There are adult cats in the colony who will not be likely candidates for adoption. Fund raising will be initiated for them as well to get them spay/neutered and vetted from disease. They will be returned to their habitat so that they can protect their colony, yet avoid further reproduction.

I have learned from engaging in the Okey’s Promise projects and this website that feral cats are perhaps the most vulnerable creatures when it comes to animal abuse. Not only are they cast offs from society, they often become victims to those who abuse animals as a way to release their own sense of powerlessness.

Caring for a colony of feral cats is a preemptive strike against animal abuse. I plan to research the best methods for managing and providing TNR for this colony so that my friend can rest assured that her cats are getting what they deserve. Your help in this effort will be greatly appreciated.

I look at my 5 cats and realize that, had someone not intervened, each of them would have had the same fate as these creatures at my friend’s home in the country. My beloved pets were each one step away from a sad ending to their stories. Yet they are living happily ever after.

My hope is that Okey’s Promise Keepers will help make this feral cat story have a happy ending too.


Profiles of Hope: Celebrate National Feral Cat Day!

The video above explains what National Feral Cat Day is all about. Best Friends Animal Society is a major leader in addressing the needs of feral cats and other abandoned pets. Many rescue groups look to them for guidance in developing shelters and and other programs for abandoned pets.

I think promoting awareness about humane treatment of feral cats is extremely important. Feral cats are at great risk for being abused and otherwise harmed by society, because they are considered a nuisance. Colonies of feral cats also tend to be harmed by children who are not well cared for themselves. We need to look for systemic changes to address the needs of both.

I have twice been contacted in recent weeks about feral cat colonies that were being abused by children and adolescents. Both colonies were tended by caring people. Both colonies developed around low income housing areas where there were other community problems. Both areas had poorly supervised children with behavior problems, many of whom had likely experienced trauma from family and/or community violence. In both situations, the caring individuals who tended to the cats had witnessed youngsters killing – yes outright killing – the cats.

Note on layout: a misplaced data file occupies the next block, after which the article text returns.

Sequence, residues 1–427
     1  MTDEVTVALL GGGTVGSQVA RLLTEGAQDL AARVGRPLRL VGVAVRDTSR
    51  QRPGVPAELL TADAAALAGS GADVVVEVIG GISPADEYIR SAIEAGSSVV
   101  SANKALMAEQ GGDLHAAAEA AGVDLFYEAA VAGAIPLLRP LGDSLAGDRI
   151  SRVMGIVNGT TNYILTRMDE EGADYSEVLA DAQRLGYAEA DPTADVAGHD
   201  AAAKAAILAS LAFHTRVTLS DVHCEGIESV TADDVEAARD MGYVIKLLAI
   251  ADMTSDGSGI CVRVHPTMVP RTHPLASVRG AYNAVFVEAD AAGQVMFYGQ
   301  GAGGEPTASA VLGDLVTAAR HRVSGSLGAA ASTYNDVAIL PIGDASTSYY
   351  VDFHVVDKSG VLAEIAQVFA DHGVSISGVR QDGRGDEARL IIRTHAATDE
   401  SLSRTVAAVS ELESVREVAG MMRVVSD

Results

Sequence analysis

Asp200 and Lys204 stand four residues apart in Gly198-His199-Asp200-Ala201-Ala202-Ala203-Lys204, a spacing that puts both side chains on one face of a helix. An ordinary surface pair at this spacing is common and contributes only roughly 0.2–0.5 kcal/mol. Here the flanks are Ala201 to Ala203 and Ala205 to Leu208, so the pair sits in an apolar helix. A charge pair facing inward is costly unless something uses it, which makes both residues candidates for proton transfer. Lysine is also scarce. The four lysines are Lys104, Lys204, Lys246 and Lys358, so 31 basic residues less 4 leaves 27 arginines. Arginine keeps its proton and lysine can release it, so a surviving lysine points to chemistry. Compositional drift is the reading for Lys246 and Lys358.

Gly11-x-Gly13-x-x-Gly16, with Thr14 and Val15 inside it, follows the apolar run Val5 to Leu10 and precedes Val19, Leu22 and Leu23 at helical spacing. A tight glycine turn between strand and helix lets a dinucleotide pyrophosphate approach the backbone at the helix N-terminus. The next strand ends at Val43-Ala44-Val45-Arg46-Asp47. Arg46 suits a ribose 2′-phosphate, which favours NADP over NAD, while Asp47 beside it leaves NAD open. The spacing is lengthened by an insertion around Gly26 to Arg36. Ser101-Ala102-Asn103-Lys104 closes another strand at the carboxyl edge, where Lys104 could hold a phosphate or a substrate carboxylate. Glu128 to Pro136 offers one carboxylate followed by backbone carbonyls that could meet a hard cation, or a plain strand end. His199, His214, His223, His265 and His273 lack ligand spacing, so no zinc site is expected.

Both situations seemed hopeless, BUT THEY WERE NOT. The woman tending the cats in this story written awhile back has now started an initiative to get Humane Education built into the curriculum of the local school district. The superintendent is backing the initiative, and a group of animal and child advocates are working together to develop the curriculum.

In the second situation, the county Animal Control Officer is working with the woman tending the cats to identify the child who killed the cat. Once the child is identified, the officer is committed to finding appropriate interventions for the child to insure that his needs get attention.

In both situations, the women who bring care to the animals were emotionally stressed by the traumatic events that they witnessed. The fact that they care and put themselves through such stressful circumstances proves to me that they are not only heroes for the animals, but also for the children who have been so misguided.